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State preparing to pay maximum in stage collapse damages

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The state of Indiana is set to forgo costly and lengthy litigation and instead pay the maximum $5 million in damages allowed by law to victims of the Indiana State Fair concert stage collapse, Attorney General Greg Zoeller said Wednesday.

Zoeller disclosed the decision in a written statement while announcing that Kenneth Feinberg, an expert who administered victim-compensation funds following 9/11 and the Gulf of Mexico oil spill, will serve as an unpaid consultant on claims associated with the concert tragedy.

Strong winds toppled a state fair stage onto fans waiting to see country band Sugarland perform at the Grandstand Aug. 13, leading to seven deaths and leaving dozens injured.

“We want to move to pay the full $5 million that the state’s law allows as soon as an equitable formula can be devised,” Zoeller said in the statement. “My goal is to focus on the needs of victims and their families while minimizing the expense of lengthy and costly litigation.”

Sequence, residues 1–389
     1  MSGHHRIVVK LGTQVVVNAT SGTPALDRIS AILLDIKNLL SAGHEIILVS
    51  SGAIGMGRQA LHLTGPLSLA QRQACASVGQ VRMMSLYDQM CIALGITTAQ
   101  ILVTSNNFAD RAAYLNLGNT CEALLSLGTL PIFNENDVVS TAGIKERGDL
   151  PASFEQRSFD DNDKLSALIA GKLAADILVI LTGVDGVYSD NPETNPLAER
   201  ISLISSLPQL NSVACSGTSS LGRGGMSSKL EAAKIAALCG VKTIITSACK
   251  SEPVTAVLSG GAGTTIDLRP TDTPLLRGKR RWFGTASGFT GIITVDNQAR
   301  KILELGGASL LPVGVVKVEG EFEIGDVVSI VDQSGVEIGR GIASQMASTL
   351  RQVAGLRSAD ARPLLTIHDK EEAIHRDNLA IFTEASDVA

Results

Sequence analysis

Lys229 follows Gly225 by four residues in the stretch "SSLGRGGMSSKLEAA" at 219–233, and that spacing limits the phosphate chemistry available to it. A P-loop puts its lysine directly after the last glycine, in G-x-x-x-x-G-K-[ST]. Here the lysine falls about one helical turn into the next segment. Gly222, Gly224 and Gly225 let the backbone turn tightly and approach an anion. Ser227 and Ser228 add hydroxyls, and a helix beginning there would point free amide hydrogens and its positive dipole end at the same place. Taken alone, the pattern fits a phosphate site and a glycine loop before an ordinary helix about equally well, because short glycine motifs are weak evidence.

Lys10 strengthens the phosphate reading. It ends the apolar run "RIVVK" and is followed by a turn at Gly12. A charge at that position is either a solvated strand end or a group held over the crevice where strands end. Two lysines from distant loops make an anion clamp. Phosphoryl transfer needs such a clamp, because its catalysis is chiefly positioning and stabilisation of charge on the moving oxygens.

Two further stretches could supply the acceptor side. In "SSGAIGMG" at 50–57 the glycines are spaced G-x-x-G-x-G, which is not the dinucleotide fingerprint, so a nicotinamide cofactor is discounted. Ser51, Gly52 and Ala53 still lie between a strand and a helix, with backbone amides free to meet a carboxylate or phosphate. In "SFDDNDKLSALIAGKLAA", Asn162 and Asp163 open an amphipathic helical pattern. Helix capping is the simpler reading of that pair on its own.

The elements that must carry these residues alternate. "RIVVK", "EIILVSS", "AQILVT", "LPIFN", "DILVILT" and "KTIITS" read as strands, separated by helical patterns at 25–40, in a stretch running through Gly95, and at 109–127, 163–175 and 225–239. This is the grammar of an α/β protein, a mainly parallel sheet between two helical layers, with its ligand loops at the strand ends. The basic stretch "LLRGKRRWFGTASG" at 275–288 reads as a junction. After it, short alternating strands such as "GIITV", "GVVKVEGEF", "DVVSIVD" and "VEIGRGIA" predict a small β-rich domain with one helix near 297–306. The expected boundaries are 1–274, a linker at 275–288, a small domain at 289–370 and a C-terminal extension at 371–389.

Indiana law caps total damages to a state entity at $5 million — an amount personal-injury lawyers have said is far too low for the injuries and deaths involved.

Several lawsuits have been filed on behalf of the victims, including one by Indianapolis law firm Cohen & Malad seeking class-action status in Marion County Superior Court against the state and companies involved in putting on the concert.

On Monday, Zoeller asked a Marion County judge to dismiss that suit, which was filed on behalf of Indianapolis resident Angela Fischer, who says she was emotionally traumatized by the deadly accident.

He said the law firm failed to follow the legal process in suing. He said Fischer's lawyers notified his office with a tort claim Aug. 22 of their plans to sue the state, and then filed suit the same day instead of giving the state the required 90 days to respond to the tort.

Reached by phone on Wednesday, Cohen & Malad Managing Partner Irwin Levin said he has the utmost respect for Feinberg.